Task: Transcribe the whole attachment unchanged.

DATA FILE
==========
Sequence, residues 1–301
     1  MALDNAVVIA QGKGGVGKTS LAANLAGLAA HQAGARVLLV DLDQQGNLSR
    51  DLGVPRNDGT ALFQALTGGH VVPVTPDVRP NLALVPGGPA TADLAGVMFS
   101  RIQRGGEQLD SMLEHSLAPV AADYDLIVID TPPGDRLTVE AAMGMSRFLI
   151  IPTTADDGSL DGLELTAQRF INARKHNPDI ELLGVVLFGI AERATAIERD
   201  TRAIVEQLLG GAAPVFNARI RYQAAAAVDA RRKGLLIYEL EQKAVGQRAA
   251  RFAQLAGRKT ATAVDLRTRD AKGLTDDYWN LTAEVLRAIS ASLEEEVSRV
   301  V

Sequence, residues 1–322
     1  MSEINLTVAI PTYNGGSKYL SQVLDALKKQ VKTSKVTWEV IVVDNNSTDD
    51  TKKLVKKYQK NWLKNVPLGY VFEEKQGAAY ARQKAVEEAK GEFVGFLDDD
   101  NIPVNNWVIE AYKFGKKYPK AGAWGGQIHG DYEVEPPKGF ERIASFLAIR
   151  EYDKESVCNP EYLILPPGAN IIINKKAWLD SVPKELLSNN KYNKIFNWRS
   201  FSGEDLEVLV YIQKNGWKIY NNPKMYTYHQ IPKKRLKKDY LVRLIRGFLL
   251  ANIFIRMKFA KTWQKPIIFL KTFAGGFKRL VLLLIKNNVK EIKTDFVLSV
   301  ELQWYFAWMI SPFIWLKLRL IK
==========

Sequence, residues 1–301
     1  MALDNAVVIA QGKGGVGKTS LAANLAGLAA HQAGARVLLV DLDQQGNLSR
    51  DLGVPRNDGT ALFQALTGGH VVPVTPDVRP NLALVPGGPA TADLAGVMFS
   101  RIQRGGEQLD SMLEHSLAPV AADYDLIVID TPPGDRLTVE AAMGMSRFLI
   151  IPTTADDGSL DGLELTAQRF INARKHNPDI ELLGVVLFGI AERATAIERD
   201  TRAIVEQLLG GAAPVFNARI RYQAAAAVDA RRKGLLIYEL EQKAVGQRAA
   251  RFAQLAGRKT ATAVDLRTRD AKGLTDDYWN LTAEVLRAIS ASLEEEVSRV
   301  V

Sequence, residues 1–322
     1  MSEINLTVAI PTYNGGSKYL SQVLDALKKQ VKTSKVTWEV IVVDNNSTDD
    51  TKKLVKKYQK NWLKNVPLGY VFEEKQGAAY ARQKAVEEAK GEFVGFLDDD
   101  NIPVNNWVIE AYKFGKKYPK AGAWGGQIHG DYEVEPPKGF ERIASFLAIR
   151  EYDKESVCNP EYLILPPGAN IIINKKAWLD SVPKELLSNN KYNKIFNWRS
   201  FSGEDLEVLV YIQKNGWKIY NNPKMYTYHQ IPKKRLKKDY LVRLIRGFLL
   251  ANIFIRMKFA KTWQKPIIFL KTFAGGFKRL VLLLIKNNVK EIKTDFVLSV
   301  ELQWYFAWMI SPFIWLKLRL IK